Throughout the paper, we will be interested in the characterization of the PageRank for a subset I of nI nodes of N . In order to write the basic equations for this subset of nodes, we need to introduce the concepts of mean return time and reduced transitions probabilities for I. Let X0 , X1 , . . . be a random walk on the graph defined by the Google matrix G. Definition 1 The nI × nI reduced transition matrix SI of is defined by ¯ Sij = P(Xt = j, X1 , . . . , Xt−1 ∈ I for some t ≥ 1 | X0 = i) for all i, j ∈ I.

Definition 2 The nI -vector tI of mean return times in I is defined by ¯ ti = E(t | X0 = i, X1 , . . . , Xt−1 ∈ I, Xt ∈ I) for all i ∈ I.

The reduced transition matrix SI is usually called the Perron or stochastic complement. It represents the transition matrix for the reduced Markov chain on I which is built by hiding the transitions outside the states of I. Its expression and properties are well known (see [8]). Proposition 3 (Meyer [8]) Let SI be the reduced transition matrix of a irreducible stochastic matrix G for I. Then SI is an irreducible stochastic matrix and can be expressed as SI = GI + Gout(I) (I − GI )−1 Gin(I) , ¯ with (I − GI ) invertible and having a non-negative inverse usually called the ¯ fundamental matrix. The mean return times vector tI can also be written in function of the entries of the Google matrix G. Proposition 4 Let tI be the mean return times vector for I. Then tI = 1 + Gout(I) (I − GI )−1 1. ¯ ¯ Proof. It is well known (see for instance [10]) that, for i, j ∈ I, the entry −1 ((I − GI ) )ij is the mean number of visits to node j before reaching the set ¯ ¯ I when starting from i. Moreover, for all i ∈ I, ¯ E(t | X0 = i, X1 , . . . , Xt−1 ∈ I, Xt ∈ I) =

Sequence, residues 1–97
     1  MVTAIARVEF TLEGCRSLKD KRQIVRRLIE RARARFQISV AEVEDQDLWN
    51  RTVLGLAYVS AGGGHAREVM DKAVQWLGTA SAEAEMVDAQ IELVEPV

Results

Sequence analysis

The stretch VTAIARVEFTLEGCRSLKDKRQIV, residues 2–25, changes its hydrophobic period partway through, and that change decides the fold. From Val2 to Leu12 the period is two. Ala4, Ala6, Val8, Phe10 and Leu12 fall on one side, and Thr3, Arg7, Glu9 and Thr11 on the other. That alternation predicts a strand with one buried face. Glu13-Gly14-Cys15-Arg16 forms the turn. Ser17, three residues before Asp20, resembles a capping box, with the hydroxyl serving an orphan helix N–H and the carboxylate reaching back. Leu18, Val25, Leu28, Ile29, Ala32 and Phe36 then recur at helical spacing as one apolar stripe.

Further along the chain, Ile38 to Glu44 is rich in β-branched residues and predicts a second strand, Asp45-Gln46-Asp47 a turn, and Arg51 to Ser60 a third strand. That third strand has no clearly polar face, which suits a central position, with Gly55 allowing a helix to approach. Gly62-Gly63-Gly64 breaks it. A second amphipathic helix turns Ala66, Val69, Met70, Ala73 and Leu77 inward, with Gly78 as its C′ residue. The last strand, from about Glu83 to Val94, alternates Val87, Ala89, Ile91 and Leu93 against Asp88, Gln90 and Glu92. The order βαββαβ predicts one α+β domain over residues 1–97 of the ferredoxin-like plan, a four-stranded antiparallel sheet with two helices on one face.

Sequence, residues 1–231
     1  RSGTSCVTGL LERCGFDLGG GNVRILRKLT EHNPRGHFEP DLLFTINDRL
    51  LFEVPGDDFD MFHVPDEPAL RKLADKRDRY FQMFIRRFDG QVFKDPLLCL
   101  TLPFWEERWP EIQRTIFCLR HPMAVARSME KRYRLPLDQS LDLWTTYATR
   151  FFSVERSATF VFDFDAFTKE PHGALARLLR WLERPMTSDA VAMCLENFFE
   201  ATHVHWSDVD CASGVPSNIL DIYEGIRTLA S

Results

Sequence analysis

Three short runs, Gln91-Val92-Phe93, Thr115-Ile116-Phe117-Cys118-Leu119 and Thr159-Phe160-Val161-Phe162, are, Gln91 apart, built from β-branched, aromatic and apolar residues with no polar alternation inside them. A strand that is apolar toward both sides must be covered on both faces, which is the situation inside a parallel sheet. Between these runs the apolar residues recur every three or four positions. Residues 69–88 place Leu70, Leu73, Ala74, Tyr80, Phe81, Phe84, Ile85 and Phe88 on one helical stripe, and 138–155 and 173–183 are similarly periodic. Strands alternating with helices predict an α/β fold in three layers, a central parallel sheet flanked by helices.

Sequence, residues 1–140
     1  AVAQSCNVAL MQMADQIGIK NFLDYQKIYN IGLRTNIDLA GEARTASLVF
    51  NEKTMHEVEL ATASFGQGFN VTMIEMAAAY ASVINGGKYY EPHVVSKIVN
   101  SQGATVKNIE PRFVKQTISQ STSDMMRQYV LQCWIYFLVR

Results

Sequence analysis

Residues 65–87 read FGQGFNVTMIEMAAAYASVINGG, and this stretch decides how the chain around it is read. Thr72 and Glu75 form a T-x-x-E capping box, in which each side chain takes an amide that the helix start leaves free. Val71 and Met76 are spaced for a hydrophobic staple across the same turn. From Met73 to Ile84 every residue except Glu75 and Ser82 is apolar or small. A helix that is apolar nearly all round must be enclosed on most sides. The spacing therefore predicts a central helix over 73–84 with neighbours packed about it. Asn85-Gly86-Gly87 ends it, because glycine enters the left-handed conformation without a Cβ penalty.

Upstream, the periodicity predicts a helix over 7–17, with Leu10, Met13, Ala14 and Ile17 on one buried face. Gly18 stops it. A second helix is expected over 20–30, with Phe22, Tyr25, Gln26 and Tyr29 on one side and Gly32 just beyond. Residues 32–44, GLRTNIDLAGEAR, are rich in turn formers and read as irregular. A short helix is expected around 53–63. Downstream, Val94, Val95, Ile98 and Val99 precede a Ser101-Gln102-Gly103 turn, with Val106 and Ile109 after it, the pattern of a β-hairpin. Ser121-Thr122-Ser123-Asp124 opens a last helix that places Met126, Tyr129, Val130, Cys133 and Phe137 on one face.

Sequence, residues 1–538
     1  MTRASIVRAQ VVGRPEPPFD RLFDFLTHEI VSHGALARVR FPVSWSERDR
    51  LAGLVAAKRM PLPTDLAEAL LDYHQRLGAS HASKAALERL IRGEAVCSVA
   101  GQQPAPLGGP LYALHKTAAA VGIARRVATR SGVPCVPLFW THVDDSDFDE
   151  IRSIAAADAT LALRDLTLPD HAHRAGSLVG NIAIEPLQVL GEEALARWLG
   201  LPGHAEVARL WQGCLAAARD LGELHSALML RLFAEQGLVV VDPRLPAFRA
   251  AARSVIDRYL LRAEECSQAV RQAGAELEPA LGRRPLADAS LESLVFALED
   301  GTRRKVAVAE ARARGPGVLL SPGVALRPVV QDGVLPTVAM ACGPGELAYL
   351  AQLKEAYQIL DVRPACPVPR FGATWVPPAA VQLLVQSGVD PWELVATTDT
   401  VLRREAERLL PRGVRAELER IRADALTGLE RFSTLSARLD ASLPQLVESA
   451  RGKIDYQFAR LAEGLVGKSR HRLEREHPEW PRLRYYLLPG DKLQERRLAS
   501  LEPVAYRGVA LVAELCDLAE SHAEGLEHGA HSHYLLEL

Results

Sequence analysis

¯ j∈I

¯ E(number of visits to node j without leaving I | X0 = i)

= ((I − GI )−1 1)i . ¯ 3
Preliminary version – 25 October 2006

Therefore, for all i ∈ I, ¯ ti = E(t | X0 = i, X1 , . . . , Xt−1 ∈ I, Xt ∈ I) = 1+
¯ ∈I

¯ P(X1 = | X0 = i) E(t | X0 = , X1 , . . . , Xt−1 ∈ I, Xt ∈ I),

hence it follows that tI = 1 + Gout(I) (I − GI )−1 1. ¯ Now we can write reduced PageRank equations for the subset of node I. The first one is well known [8], and expresses that the PageRank subvector πI is proportional to the stationary distribution vector for the reduced transition matrix SI . The second one gives the proportionality ratio thanks to the mean return times vector tI . Proposition 5 (Meyer [8]) The PageRank subvector πI for the nodes of I satisfies
T T π I SI = π I .

Proposition 6 The PageRank subvector πI for the nodes of I satisfies
T πI tI = 1.

Proof. By Proposition 4,
T T T T T πI tI = πI 1 + πI Gout(I) (I − GI )−1 1 = πI 1 + πI 1 = 1, ¯ ¯ T T since πI = πI Gout(I) (I − GI )−1 by equation 1, and πI 1 + πI 1 = 1, by ¯ ¯ ¯ equation 2.

2

Optimal outlink structure

We are interested in how given pages can modify their PageRank by changing their outlink structure. We will consider two cases: first, a single page wants to maximize its PageRank, and second, a set of nI pages, organized in a clique, wants to maximize the sum of the PageRanks of its pages. In these two cases, the only variables are the links from the node or the clique to the rest of the graph. We make the assumption that there exists at least one outlink from the considered set of pages I to the rest of the graph. Clearly, the optimal structure is reached when no outlink points to the rest of the graph turning the set of pages I into an absorbing state. However we can imagine that Google penalize such selfish behavior while is looking for link spam alliances [5]. 4
Preliminary version – 25 October 2006

The adjacency matrix A of the webgraph can therefore be written as
  AI Aout(I)   ,

A=

Ain(I)

AI ¯

¯ where AI = 11T − I, Ain(I) and AI are given, and Aout(I) ∈ {0, 1}nI ×nI , ¯ Aout(I) = 0 has to be determined.

2.1

Optimal set of outlinks for a particular node

We first consider the case where I is a singleton, say I = {1}. We want to maximize its PageRank score π1 . The only control we have on the webgraph is ¯ the choice of the outlinks of page 1, that is the choice of L ⊆ I = {2, . . . , n}, L = ∅, for which Aout({1}) = eT , L where (eL )i = 1 if i ∈ L, 0 otherwise. The expression of π1 follows directly from Proposition 6. Corollary 7 The PageRank score π1 (L) of the node 1 is given by π1 (L) = 1 1 + c |L| (I − GI )−1 1 + (1 − c) 1zT (I − GI )−1 1 ¯ ¯ ¯ I